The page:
Giving Compass’ Take:
• A new webinar explores how mental health and juvenile justice systems serve youth who need help managing their behavior with programs relevant to their cultural backgrounds.
• How can the system be made more equitable? How can donors support?
The 60-minute webinar, Moving Mental Health Systems from Perpetuating Disparities to Promoting Culturally Relevant Healing, builds on the findings and recommendations in The Color of Justice: The Landscape of Traumatic Justice for Youth of Color in Conflict with the Law, a report issued in 2019 by an alliance of mental health organizations: the Association of Black Psychologists, the National Latinx Psychological Association, the Society of Indian Psychologists, the Asian American Psychological Association and the American Psychological Association. The Annie E. Casey Foundation funded the report.
During the session, participants will learn about:
- youth behavior viewed from a social ecological perspective, which considers the trauma a young person, his family and his community have experienced and how racial discrimination against youth of color may be compounded by the intersection of race with poverty, immigrant or refugee status, gender and/or sexual orientation;
- problems in the mental health field that affect Latino youth, including overdiagnosis of depression and conduct disorder; underdiagnosis of trauma; disproportionate referrals to punishment or criminal sanctions by mental health professionals; and communication failures due to language barriers; and
- the need for increased prevention and intervention for black youth; lack of screening and assessment tools that have been validated across racial and ethnic groups; and wide racial and ethnic disparities in confinement and school referrals to the justice system.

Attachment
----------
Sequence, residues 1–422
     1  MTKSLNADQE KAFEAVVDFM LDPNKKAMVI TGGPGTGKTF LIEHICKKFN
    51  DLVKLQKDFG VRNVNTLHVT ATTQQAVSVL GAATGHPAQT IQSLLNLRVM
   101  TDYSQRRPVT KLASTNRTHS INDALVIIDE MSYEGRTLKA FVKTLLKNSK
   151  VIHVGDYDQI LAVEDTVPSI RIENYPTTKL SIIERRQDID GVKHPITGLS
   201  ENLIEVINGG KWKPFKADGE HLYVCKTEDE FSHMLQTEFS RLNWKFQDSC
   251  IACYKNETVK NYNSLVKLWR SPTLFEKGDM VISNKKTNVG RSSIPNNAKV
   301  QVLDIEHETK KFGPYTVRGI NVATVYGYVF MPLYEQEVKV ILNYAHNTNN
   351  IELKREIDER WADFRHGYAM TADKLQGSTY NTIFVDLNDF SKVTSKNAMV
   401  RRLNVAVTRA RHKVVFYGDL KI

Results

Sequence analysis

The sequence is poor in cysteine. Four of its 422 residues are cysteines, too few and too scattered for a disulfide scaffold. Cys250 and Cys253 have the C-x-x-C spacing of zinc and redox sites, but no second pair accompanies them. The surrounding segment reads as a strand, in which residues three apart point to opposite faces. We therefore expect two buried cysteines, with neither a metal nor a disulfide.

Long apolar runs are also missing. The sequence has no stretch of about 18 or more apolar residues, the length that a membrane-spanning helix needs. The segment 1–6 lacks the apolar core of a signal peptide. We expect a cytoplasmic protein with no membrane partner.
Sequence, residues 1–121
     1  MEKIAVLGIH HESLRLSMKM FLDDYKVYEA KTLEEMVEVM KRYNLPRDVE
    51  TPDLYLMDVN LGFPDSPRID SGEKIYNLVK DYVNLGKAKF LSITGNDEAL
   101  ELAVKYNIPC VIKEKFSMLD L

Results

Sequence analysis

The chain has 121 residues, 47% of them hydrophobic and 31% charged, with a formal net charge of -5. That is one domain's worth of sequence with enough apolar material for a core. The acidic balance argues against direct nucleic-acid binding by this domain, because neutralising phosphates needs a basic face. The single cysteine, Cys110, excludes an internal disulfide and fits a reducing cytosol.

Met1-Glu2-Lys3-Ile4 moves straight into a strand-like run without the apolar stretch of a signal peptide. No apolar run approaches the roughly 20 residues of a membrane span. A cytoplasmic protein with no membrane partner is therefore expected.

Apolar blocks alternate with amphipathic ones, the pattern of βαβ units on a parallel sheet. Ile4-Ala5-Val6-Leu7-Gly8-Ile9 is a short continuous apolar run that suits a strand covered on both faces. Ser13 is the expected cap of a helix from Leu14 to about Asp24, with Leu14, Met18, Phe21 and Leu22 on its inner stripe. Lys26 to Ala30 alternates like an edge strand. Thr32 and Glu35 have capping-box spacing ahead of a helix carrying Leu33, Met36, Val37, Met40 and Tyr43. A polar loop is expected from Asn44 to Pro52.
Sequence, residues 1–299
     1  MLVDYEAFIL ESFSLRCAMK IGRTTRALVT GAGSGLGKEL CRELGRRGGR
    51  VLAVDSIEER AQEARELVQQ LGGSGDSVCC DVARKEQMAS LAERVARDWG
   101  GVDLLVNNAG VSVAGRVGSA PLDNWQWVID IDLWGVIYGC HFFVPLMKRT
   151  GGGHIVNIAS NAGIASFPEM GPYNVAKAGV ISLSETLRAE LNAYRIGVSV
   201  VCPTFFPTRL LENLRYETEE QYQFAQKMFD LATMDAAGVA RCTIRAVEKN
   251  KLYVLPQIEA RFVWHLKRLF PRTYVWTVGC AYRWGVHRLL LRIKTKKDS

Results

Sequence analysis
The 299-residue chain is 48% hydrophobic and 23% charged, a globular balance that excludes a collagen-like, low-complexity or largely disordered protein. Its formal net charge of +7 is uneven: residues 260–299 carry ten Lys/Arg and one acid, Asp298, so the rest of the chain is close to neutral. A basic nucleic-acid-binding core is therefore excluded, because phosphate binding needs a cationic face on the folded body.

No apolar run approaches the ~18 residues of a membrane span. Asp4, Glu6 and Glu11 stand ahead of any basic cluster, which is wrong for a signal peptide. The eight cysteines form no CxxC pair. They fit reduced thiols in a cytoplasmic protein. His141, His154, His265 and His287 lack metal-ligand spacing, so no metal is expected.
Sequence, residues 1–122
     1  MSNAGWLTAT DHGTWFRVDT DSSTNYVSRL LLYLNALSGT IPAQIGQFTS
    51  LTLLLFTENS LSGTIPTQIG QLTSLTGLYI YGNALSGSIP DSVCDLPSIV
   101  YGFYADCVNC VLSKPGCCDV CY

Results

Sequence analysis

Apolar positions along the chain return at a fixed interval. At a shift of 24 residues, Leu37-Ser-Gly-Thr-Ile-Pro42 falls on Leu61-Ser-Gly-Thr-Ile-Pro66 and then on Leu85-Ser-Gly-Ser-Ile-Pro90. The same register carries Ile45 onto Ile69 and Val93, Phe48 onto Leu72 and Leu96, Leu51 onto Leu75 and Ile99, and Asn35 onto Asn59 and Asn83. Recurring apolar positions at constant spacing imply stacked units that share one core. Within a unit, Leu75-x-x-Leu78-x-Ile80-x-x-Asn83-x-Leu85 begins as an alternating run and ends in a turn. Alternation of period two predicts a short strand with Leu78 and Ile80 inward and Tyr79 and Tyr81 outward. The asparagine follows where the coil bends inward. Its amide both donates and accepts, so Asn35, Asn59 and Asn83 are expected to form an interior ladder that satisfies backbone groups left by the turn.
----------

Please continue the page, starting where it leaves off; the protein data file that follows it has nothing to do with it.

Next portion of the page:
The webinar includes examples of efforts to promote healing relevant to participants’ culture, such as the Community Healing Initiative in Multnomah County, Oregon — home to Portland — that employs a culturally specific model centered on healing individual and collective trauma, accountability, family transformation, heritage and spirituality, self-esteem and self-determination, leadership, education, safety and collaboration.
Read the full article about healing for youth in the justice system by the team at The Annie E. Casey Foundation.
Youth Development is a complex topic, and others found these selections from the Impact Giving archive from Giving Compass to be good resources.
Looking for a way to get involved?
Learning with others and benchmarking are key steps towards becoming an impact giver. If you are interested in giving with impact for Criminal Justice, take a look at these events, galas, conferences and volunteering opportunities to connect with individuals like you.
Are you ready to give?
If you are interested in Criminal Justice, please see these relevant Issue Funds, Charitable Organizations or Projects where you can get involved.